Since taking over as head coach, Denis Savard has been nothing but positive. The glass for the Blackhawks hasn't been just half full; it has been overflowing with good vibrations.
But there were signs of Savard's patience starting to thin after Friday night's loss to Boston, and the glass spilled a little more after the Hawks fell 3-1 to the Columbus Blue Jackets on Sunday night and tumbled back under .500 for the first time since Dec. 14.
It was the first time the Hawks had suffered back-to-back regulation losses since Savard took over. But since starting 4-0-3, the Hawks are just 4-5 in their last nine games.
"Your best players have to be your best players, period," Savard said.
"They can't play on the perimeter. They have to play in tough situations. Some teams have good checkers, but they have to find a way, period."
There was much for Savard not to like Sunday, besides the fact that it brought the Blue Jackets within three points of the Hawks and the Hawks missed an opportunity to pass two teams in the Western Conference playoff chase.
There was, of course, the nightly futility of the power play, which failed five more times, including twice in the first five minutes.
The power play is now seven for its last 94, which pencils out to 7.4 percent.
"We're trying new things," defenseman Adrian Aucoin said. "The positive is we got some shots, but we have to be more effective and get better shots."
Many nights special teams are the difference between winning and losing. Columbus was 1-for-4 on the power play, with Sergei Fedorov busting down the slot and tapping in a Rick Nash pass.
Savard's patience, like that of former coach Trent Yawney, appears to be running out with Tony Salmelainen.
After having just three shifts in the first period, Salmelainen took a penalty on his first shift of the second, which led to Fedorov's goal that tied the game 1-1. It was Salmelainen's last shift of the night.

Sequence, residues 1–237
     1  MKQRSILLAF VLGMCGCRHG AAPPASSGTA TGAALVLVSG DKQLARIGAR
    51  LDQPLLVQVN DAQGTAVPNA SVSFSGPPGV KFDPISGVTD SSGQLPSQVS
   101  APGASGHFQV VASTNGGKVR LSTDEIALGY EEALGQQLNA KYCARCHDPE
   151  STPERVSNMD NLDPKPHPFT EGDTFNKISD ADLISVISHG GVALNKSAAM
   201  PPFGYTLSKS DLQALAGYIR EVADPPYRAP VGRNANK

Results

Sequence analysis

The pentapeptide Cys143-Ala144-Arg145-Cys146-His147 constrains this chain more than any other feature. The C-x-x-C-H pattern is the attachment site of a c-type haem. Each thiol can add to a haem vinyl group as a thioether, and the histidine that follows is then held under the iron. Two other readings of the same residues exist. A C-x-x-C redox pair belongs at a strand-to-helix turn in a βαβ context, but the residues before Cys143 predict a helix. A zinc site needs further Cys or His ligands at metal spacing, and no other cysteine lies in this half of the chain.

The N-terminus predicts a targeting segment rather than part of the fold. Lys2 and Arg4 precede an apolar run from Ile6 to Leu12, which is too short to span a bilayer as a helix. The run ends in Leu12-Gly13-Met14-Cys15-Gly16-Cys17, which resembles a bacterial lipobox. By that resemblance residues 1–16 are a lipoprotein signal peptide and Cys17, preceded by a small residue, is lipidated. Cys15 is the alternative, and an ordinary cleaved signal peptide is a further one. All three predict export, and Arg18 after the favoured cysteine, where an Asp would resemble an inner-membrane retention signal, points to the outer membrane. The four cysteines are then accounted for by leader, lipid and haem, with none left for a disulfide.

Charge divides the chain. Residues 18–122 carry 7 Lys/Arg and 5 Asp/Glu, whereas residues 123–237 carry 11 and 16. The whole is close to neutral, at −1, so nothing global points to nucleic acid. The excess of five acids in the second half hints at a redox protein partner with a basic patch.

"It wasn't a message to him," Savard said. "I didn't think he was very good the first two shifts anyway."
Perhaps most worrisome is the five-game goal drought for Martin Havlat. After having four shots on goal in his last two games, Havlat had just one Sunday, and that came 2 minutes 10 seconds into the game.
"He's probably getting checked, but you have to work your way through," Savard said. "No different than the best players on other teams, you have to find a way."
This could turn out to be a pivotal week for the Hawks' playoff chances. They have games at St. Louis on Tuesday and Thursday against a Blues team that just won back-to-back games against Colorado, followed by Central Division-leading Nashville at the United Center on Friday.
"We have to start looking to [St. Louis] right now," Aucoin said.
The Hawks grabbed the lead when Martin Lapointe tipped in a Jim Vandermeer shot at 7:36 of the first. After Fedorov tied it early in the second, Manny Malhotra took advantage of some good work along the boards by Jason Chimera to beat Nikolai Khabibulin 10 minutes later. Duvie Westcott added an empty-netter.
Savard had words with Columbus coach Ken Hitchcock after Duncan Keith came out on the short end of a bout against Alexander Svitov late in the third period. Svitov checks in at 6 feet 3 inches and 228 pounds, while Keith goes 6 feet, 187 soaking wet. Savard said he had "respect" for Hitchcock and the comments back and forth were due to the "emotion" of the game. Nash could have had a hat trick. He failed on a penalty shot late in the second period, shot wide on a short-handed breakaway and had a goal wiped out when video replay ruled he had directed Ron Hainsey's shot in with his hand. Peter Bondra was scratched, though the MRI he had Saturday showed no serious injury to his shoulder. Savard said Bondra was sore from the crunching hit he took in the first period Friday from Boston's Brad Stuart. Defenseman Jassen Cullimore was scratched.
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